TitleNitrogen, organic carbon and sulphur cycling in terrestrial ecosystems: linking nitrogen saturation to carbon limitation of soil microbial processes
Publication TypeMiscellaneous
Year of Publication2013
AuthorsKopacek, J, Cosby, BJ, Evans, CD, Hruska, J, Moldan, F, Oulehle, F, Tahovska, K, Wright, RF
Keywordsacidification, Carbon, forest soil, Modelling, Nitrogen, sulphur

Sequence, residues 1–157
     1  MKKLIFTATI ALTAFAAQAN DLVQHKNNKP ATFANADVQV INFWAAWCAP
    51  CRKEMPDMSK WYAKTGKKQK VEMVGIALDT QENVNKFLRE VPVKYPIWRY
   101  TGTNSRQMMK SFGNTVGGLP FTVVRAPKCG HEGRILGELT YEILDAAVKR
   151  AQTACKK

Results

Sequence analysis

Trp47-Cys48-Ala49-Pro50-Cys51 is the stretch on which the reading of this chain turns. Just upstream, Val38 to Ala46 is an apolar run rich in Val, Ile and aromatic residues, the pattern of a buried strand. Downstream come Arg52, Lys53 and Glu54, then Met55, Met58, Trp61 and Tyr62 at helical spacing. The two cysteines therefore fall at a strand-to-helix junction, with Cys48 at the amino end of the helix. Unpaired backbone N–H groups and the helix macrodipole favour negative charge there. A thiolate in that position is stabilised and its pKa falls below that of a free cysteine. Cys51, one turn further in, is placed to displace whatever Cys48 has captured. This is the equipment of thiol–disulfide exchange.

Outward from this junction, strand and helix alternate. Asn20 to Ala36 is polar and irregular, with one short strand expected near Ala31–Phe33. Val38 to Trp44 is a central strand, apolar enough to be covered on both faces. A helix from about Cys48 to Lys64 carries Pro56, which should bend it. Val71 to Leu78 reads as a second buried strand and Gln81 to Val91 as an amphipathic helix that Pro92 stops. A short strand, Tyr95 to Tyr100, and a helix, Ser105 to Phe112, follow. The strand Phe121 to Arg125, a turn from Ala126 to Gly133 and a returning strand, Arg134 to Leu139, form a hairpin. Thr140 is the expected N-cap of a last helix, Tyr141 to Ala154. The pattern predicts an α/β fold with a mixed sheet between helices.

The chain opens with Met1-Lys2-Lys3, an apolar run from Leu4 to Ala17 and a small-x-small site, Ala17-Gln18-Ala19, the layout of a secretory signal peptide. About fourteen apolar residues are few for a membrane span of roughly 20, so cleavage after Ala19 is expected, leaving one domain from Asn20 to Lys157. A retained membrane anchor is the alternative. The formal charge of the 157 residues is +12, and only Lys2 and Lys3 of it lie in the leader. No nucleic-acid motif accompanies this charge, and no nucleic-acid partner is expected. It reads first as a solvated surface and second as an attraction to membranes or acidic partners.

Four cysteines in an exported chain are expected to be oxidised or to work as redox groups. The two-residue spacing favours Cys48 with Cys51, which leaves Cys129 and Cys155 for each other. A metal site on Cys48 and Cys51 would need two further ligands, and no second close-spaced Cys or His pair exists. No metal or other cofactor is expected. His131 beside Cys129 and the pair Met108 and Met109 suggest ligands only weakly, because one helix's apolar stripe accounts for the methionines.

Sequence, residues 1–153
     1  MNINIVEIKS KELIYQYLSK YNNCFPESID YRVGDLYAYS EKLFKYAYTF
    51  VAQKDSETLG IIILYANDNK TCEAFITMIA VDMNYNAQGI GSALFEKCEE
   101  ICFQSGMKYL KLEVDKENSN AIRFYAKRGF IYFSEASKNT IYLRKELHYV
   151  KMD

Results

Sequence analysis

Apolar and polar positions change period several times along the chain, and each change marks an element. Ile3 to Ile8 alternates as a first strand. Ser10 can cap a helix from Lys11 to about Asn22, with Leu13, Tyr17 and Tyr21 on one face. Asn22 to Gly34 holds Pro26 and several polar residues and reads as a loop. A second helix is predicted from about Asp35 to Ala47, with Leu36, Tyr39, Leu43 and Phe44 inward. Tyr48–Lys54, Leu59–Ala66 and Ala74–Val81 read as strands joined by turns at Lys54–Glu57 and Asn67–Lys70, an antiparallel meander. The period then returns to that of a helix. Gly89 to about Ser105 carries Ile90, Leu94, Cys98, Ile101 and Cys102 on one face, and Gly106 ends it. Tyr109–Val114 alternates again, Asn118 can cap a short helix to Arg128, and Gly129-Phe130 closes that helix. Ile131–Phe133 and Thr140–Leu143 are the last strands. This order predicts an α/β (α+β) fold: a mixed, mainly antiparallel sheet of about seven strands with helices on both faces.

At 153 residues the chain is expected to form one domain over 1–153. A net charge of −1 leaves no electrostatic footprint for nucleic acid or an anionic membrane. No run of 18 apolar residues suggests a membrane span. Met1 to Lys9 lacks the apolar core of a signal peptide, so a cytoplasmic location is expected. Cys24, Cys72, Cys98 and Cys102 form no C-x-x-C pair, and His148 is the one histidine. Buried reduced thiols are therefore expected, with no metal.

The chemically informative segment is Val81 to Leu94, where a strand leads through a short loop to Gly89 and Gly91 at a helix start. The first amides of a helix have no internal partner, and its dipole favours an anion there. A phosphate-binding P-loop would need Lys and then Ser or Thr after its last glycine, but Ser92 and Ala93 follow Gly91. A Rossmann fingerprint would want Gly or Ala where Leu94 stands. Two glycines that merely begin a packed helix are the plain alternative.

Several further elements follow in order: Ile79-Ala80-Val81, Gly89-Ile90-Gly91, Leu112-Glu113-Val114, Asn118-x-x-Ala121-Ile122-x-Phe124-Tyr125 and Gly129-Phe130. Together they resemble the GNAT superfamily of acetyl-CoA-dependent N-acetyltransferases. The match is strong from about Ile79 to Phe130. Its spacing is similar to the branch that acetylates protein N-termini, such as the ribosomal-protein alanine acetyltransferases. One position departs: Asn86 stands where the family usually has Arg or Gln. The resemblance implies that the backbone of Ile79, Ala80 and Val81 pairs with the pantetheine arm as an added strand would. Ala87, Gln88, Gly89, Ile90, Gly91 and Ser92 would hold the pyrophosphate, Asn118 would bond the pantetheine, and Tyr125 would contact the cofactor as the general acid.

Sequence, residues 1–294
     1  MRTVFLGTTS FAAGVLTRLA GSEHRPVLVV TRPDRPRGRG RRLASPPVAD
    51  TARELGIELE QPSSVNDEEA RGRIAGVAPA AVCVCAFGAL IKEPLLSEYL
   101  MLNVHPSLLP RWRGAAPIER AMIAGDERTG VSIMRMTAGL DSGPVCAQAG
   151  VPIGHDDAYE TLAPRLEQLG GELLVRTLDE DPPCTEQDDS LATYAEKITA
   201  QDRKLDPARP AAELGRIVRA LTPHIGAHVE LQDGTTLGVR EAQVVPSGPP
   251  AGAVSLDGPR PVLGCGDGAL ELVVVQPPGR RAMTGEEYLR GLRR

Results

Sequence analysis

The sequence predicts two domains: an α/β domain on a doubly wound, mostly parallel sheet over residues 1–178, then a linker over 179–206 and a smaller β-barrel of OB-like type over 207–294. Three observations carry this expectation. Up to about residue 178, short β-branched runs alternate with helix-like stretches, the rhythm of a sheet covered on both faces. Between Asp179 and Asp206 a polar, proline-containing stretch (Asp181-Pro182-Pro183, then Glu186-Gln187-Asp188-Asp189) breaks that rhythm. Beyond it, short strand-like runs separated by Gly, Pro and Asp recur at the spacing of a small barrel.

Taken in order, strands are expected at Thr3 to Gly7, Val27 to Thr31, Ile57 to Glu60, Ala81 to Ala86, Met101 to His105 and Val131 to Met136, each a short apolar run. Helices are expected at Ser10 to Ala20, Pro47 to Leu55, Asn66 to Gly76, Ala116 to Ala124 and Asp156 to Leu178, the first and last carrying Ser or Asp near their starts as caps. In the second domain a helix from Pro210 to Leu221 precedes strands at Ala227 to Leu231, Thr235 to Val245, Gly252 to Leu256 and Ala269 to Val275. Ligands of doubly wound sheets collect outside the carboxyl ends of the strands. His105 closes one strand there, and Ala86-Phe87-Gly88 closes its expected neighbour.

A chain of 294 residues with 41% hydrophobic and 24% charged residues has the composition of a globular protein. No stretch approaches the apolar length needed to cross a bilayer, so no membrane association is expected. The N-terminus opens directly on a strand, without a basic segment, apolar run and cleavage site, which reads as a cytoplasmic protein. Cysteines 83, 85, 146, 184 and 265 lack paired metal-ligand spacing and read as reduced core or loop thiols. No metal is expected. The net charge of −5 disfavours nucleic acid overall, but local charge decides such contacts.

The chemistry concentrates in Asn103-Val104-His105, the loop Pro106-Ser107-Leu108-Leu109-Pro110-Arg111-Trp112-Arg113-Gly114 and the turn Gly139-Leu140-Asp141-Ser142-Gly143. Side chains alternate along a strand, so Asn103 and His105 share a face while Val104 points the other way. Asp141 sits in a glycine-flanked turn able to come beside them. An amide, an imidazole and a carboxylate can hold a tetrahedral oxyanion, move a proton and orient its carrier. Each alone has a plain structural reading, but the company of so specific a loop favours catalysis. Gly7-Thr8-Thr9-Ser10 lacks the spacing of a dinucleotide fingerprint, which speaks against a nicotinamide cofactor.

Elevated and chronic nitrogen (N) deposition to N-limited terrestrial ecosystems can lead to `N saturation', with resultant ecosystem damage and leaching of nitrate (NO3 (-)) to surface waters. Present-day N deposition, however, is often a poor predictor of NO3 (-) leaching, and the pathway of the ecosystem transition from N-limited to N-saturated remains incompletely understood. The dynamics of N cycling are intimately linked to the associated carbon (C) and sulphur (S) cycles. We hypothesize that N saturation is associated with shifts in the microbial community, manifest by a decrease in the fungi-to-bacteria ratio and a transition from N to C limitation. Three mechanisms could lead to lower amount of bioavailable dissolved organic C (DOC) for the microbial community and to C limitation of N-rich systems: (1) Increased abundance of N for plant uptake, causing lower C allocation to plant roots; (2) chemical suppression of DOC solubility by soil acidification; and (3) enhanced mineralisation of DOC due to increased abundance of electron acceptors in the form of and NO3 (-) in anoxic soil micro-sites. Here we consider each of these mechanisms, the extent to which their hypothesised impacts are consistent with observations from intensively-monitored sites, and the potential to improve biogeochemical models by incorporating mechanistic links to the C and S cycles.